Thursday, February 2, 2012

Less Money, Less Problems

If your wallet makes it look like you’ve got three butt cheeks, you need to trade it in for something more slim. A bulky wallet, stuffed to the brim with receipts, business cards, and condoms is tacky, and it messes with your body outline (which you want to appear sleek, not lumpy). 
A crammed wallet is also unnecessary. You really only need some cash, an ID, and a card or two to survive. Take those business cards and receipts and put them somewhere where you’ll actually need them (say, your office). House your leftover necessities in a much cooler, slim wallet, like the Burberry one I own here:

Be sure to keep a condom. You know, just in case.
These wallets are great because they don’t cramp your ass if you’ve got them in your back pocket on a casual night, but it can also slide just as easily into an interior coat pocket. 

For your cash, go with a money clip. A money clip is a sexier and more socially acceptable version of the money-rolls drug dealers and low-level mafiosos tend to favor.

Money clips abound in stores and on the Internet. As always, stay classy with it. When you’re buying a girl a drink (which you should be doing), the cash will speak for itself. Keep the clip plain, neutral, and understated. Check out the vintage one my grandfather gave me:

Yes, I went to the bank to get a $100 bill specifically for this picture. What can I say, I want to look cool.
If you can and if you’re interested, now is a good time to look into the vintage market. I’ve never been one for vintage clothes shopping, because it weirds me out when I think about all the gross stuff someone might have done to that blazer/shirt/pair of socks. But it’s supposedly a great place to find good items on the cheap (if you have the patience and luck to sift through enough aisles to find something). If you’re wanting to shop vintage clothing, check out these articles with helpful tips:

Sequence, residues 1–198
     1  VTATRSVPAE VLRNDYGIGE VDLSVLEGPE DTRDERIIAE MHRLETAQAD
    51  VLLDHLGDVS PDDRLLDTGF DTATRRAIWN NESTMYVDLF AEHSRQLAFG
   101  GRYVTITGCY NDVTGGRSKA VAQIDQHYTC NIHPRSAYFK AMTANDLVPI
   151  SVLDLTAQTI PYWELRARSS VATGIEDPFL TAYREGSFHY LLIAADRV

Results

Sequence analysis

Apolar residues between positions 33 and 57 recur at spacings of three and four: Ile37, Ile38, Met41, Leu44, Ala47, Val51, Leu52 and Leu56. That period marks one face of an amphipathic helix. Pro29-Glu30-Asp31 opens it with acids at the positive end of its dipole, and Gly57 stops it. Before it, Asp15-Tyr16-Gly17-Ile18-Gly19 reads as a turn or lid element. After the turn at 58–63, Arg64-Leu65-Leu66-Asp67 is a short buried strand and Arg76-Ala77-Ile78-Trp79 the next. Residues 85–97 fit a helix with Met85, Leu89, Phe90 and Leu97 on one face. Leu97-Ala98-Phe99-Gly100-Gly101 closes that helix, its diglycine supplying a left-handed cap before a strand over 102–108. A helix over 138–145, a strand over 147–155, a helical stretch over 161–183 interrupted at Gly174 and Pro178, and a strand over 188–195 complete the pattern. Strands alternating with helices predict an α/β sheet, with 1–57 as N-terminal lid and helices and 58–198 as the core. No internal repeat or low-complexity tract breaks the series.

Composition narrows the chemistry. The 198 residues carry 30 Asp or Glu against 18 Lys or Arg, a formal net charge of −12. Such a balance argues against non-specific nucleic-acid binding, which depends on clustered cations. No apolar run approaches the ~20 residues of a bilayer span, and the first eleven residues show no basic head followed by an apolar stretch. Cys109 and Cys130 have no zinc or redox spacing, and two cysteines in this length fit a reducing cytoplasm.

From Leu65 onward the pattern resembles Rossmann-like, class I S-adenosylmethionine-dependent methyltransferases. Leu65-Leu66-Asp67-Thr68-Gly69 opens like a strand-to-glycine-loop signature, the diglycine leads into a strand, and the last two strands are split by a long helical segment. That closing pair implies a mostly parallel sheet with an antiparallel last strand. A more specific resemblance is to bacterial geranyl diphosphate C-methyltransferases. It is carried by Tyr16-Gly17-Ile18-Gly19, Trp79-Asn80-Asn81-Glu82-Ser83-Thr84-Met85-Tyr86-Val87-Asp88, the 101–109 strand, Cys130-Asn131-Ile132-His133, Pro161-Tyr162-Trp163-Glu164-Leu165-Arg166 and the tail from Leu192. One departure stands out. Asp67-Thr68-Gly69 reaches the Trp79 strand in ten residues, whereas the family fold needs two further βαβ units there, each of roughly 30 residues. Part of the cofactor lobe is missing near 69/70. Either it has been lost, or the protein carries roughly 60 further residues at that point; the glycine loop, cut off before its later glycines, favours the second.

It’s pretty hard to screw up a money clip, and chances are you can find a cool one with character at your local vintage/thrift hotspot. Vintage pieces are often inspiring because of their history and uniqueness. A money clip on its own is rare, but I’m confident that no one will ever pull out one like mine. It’s a great conversation piece, and I’ll cherish it because of the familial memories tied to it. 
Here’s some tips on using a money clip I’ve discovered through my own trial-and-error process:
 Don’t overstuff it. A money clip can break, so decide how much money you’ll need before going out, then try your best to consolidate bills. A good starting formula is $100- one $50, one $20, two $10, one $5, five $1.
 Keep smaller bills towards the middle of the folded wad in your money clip, and larger bills towards the outside. This is not so you can look like you're "gettin' paper." Bills in the middle are easier to pull out, and you’ll likely use smaller bills more often (though you could just unclip the whole thing and sort through it, if that works best for you).
 I was once robbed in Vegas, and luckily had a $20 tucked neatly into my wallet that escaped being stolen (the guy was no Danny Ocean). Moral of the story- diversify your holdings. That same trick might save you someday.  

More news as it develops,

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